## jmath v4: Units for Maths & Physics

Published 2021/11/08 1039 by Jordan Hay

jmath v4.0.0 has been released! A major new feature has been introduced, one I've been quite keen to develop for a while.

v4 introduces the Unit object in jmath.units as well as some associated features. Let's see a snippet of how it behaves

```
# Imports
from jmath import Unit, Uncertainty
from jmath.units import define_alias
# Define Units
volt = Unit("V") # voltage
ohm = Unit("Ω") # Resistance
ampere = Unit("A") # Current
# Define an alias
# Voltage = Resistance * Current
define_alias(ohm * ampere, volt)
# Using Units
voltage_drop = Uncertainty(3, 0.2) * volt
current = Uncertainty(0.1, 0.02) * ampere
resistance = voltage_drop/current # Per Ohm's Law
>>> print(resistance)
(30 ± 8) [Ω]
```

Units can be defined, attach themselves to values with the '*' operator, and then resulting values are computed with operations behaving much like normal numbers. They are compatible with Python's int and float types, as well as jmath's Uncertainty.

In addition it is possible to define "aliases" for specific units with the define_alias function provided in jmath.units. An alias will override a given unit or set of units if they are produced, for SI where voltage (V) can be derived from resistance* (Ω) and current (A) as well as vice versa this proves natural.

Another useful function-define_conversion-is also provided in jmath.units. define_conversion takes two units as parameters and then either a function or a multiplier that is used to convert between the two units. Both are demonstrated in the snippet below

```
# MULTIPLIER METHOD
# Imports
from jmath import Unit
from jmath.units import define_conversion
# Define Units
kg = Unit("kg") # Mass
j = Unit("J") # Energy
# Define conversion
# Note that conversions with factors are considered invertible
define_conversion(kg, j, (3e8)**2)
mass = 3 * kg
rest_energy = mass.convert_to(j)
>>> print(rest_energy)
2.7e+17 [J]
```

```
# LAMBDA METHOD
# Imports
from jmath import Unit
from jmath.units import define_conversion
# Define Units
C = Unit("°C")
F = Unit("°F")
# Define conversion
# Note that with conversion functions we must define it both ways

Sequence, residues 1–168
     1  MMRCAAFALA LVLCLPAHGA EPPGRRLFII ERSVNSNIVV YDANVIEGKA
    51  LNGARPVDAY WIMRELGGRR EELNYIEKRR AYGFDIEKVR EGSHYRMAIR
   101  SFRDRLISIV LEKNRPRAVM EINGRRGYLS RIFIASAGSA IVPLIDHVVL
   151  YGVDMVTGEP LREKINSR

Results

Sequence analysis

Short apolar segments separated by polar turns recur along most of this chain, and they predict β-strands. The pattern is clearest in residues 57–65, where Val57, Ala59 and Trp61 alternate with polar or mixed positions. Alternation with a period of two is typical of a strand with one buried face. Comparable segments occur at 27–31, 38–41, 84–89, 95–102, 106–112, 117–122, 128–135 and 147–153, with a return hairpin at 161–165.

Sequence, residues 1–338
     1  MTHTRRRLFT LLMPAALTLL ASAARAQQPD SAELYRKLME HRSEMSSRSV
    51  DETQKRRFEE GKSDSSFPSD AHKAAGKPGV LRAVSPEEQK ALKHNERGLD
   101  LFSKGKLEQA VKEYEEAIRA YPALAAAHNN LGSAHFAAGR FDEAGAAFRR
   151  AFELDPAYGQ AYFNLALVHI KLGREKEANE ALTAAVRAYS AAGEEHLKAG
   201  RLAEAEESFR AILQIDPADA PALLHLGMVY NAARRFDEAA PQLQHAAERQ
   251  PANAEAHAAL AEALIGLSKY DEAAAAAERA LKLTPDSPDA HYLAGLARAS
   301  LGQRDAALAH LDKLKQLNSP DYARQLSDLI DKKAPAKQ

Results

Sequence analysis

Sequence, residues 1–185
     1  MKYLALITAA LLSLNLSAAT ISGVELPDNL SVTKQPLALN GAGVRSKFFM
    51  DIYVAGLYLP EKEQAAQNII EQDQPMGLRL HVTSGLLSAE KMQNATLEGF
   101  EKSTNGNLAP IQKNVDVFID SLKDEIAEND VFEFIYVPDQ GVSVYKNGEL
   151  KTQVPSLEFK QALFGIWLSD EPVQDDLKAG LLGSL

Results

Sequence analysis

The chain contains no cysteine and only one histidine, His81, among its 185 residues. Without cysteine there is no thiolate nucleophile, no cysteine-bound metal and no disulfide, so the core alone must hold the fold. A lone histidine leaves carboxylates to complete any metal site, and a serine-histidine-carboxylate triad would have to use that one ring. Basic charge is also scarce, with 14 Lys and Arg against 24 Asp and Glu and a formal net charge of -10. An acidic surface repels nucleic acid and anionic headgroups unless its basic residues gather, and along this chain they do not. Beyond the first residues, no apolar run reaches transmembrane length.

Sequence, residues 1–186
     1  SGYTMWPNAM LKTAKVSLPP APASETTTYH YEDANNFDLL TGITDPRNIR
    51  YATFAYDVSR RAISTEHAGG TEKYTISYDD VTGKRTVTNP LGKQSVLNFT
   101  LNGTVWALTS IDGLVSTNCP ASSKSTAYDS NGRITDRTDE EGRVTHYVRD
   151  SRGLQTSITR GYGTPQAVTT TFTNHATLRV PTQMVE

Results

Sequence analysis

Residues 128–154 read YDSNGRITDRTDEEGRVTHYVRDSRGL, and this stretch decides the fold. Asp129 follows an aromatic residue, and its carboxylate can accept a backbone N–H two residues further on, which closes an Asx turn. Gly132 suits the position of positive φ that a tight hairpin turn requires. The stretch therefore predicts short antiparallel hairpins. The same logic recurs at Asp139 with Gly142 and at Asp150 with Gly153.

define_conversion(C, F, lambda t: (t * 9/5) + 32)
define_conversion(F, C, lambda t: (t - 32) * 5/9)
temp_F = 35 * F
temp_C = temp_F.convert_to(C)
>>> print(temp_C)
1.6666666666666667 [°C]
```

Since defining heaps of units and their conversions could be quite tiresome, the SI base units and some common derived SI units are provided in jmath.units.si, and some more common units (such as the electron volt) are defined in jmath.units.other.

In addition to the brand new unit object I have also done some tidying up of other issues I found while building the unit object. Primarily these are

- Fixing the display method for the Uncertainty object, I found this to have many issues I had never seen before while getting it working with the Unit object. These issues should be resolved now.
- Fixing the documentation for the experimental graphics subpackage, it was totally missing and I'm not entirely sure why but it seems to be fixed now.
- Better type hinting in the documentation, and general documentation cleanup.

Future plans for jmath include

- New functions based on those in Python's math library that are compatible with jmath objects.
- Upgrades to the Unit class, especially for systems of units, and perhaps a better alias/conversion system.

A final reminder that the documentation for jmath can be found at https://jmath.jordanhay.com/ and that the source code is avaliable at https://github.com/JHay0112/jmath/.

*Note that voltage (V) and resistance (Ω) are themselves also derived from base units and these conversions could also be added into a jmath unit system if it was so desired.